If a pseudo-terminal has not been allocated(-T), the session is transparent and can be used to reliably transfer binary data. On most systems, setting the escape character to none will also make the session transparent even if a tty is used.

Only recognized at the beginning of a line, and if next character is not one of the escape sequences the characters are sent to the host.
So typing ~/scriptname is not handled specially.
Default escape is ~ .

~~ transmit ~
~. Disconnect.
~^Z Background ssh.
~# List forwarded connections.
~& Background ssh at logout when waiting for forwarded connection / X11 sessions to terminate.
~? Display a list of escape characters.
~B Send a BREAK to the remote system (only useful for SSH protocol version 2 and if the peer supports it)
~R Request rekeying of the connection (only version 2 if the peer supports it).
~C Open command line. allows addition of
-L[bind_address:]port:host:hostport Request local forward
-R[bind_address:]port:host:hostport Request remote forward
-D[bind_address:]port Request dynamic forward
-KR[bind_address:]port Cancel remote forward
!command allows executetion of a command at the local host if PermitLocalCommand is enabled in ssh_config.
Basic help is available, using the -h option.

The escape character can be changed in configuration files with the EscapeChar or on the command line with -e .

-e escape_char (default: ~). Setting the character to none disables escapes and makes the session fully transparent.

Environment Variables

DISPLAYindicates the location of the X11 server. points to a value of the form hostname:n , where hostname indicates the host where the shell runs, and n is an integer > 0. ssh uses this special value to forward X11 connections over the secure channel. The user should normally not set DISPLAY explicitly, as that will render the X11 connection insecure (and will require the user to manually copy any required authorization cookies).
HOME
LOGNAME Synonym for USER
MAIL path of the user's mailbox. example:/var/spool/mail/realr
PATH default PATH, as specified when compiling ssh.
SSH_ASKPASS If ssh needs a passphrase, it will ask the passphrase from the current terminal if it was run from a terminal. If ssh does not have a terminal associated with it but DISPLAY and SSH_ASKPASS are set, it will execute the program specified by SSH_ASKPASS and open an X11 window to read the passphrase. This is particularly useful when calling ssh from a .xsession or related script. (Note that on some machines it may be necessary to redirect the input from /dev/null to make this work.)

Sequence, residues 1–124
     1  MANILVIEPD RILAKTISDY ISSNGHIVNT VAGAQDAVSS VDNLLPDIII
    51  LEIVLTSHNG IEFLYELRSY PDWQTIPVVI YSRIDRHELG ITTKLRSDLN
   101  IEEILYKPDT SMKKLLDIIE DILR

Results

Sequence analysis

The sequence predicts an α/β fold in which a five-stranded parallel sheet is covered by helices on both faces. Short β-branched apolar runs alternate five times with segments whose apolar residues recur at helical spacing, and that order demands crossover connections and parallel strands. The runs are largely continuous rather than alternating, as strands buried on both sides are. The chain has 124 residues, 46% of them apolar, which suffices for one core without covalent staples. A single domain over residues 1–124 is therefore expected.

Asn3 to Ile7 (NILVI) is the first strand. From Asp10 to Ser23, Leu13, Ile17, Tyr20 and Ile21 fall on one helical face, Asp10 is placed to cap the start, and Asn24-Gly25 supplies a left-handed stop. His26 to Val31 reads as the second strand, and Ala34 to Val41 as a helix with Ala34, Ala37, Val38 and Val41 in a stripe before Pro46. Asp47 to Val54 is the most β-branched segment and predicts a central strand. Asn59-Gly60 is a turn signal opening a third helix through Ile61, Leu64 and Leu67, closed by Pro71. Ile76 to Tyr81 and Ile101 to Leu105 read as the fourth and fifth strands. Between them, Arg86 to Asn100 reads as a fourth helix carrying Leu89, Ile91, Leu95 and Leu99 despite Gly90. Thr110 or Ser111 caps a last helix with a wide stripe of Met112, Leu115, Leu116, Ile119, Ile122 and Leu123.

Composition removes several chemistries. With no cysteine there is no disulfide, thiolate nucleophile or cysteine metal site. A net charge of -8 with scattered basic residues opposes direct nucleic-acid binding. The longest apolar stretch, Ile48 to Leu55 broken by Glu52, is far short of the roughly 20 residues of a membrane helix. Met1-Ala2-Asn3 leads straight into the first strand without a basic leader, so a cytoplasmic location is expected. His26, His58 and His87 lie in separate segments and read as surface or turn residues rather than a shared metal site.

SSH_AUTH_SOCK path of a UNIX-domain socket used to communicate with the agent.
SSH_CONNECTION space-separated : client IP address, client port number, server IP address, and server port number.
SSH_ORIGINAL_COMMAND contains the original command line if a forced command is executed. It can be used to extract the original arguments.
SSH_TTY name of the tty (path to the device) associated with the current shell or command. example:/dev/pts/3
TZ the present time zone if it was set when the daemon was started (i.e. the daemon passes the value on to new connections).
USER Set to the name of the user logging in.
ssh reads ~/.ssh/environment, and adds lines of the format VARNAME=value to the environment if users are allowed to change their environment. See PermitUserEnvironment in sshd_config(5).

FILES

see sshd
~/.rhosts used for host‑based authentication. world-readable if the user's home directory is on an NFS partition, because sshd(8) reads it as root. owned by the user, and must not have write permissions for group or world.

~/.shosts used as .rhosts which allows host‑based authentication without permitting login with rlogin/rsh.

~/.ssh/authorized_keys Lists the public keys (RSA/DSA) for this user. The format of this file is described in the sshd(8) manual page. This file is not highly sensitive, but the recommended permissions rw-------.

~/.ssh/config per-user configuration file. The file format and configuration options are described in ssh_config(5). permissions: rw-------

~/.ssh/environment Contains additional definitions for environment variables; see Environment

~/.ssh/identity
~/.ssh/id_dsa
~/.ssh/id_rsa Contains the private key for authentication.
These files contain sensitive data and should be readable by the user but not accessible by others (rwx------
ssh ignores a private key file if it is accessible by others.
It is possible to specify a passphrase when generating the key which will be used to encrypt the sensitive part of this file using 3DES.

~/.ssh/identity.pub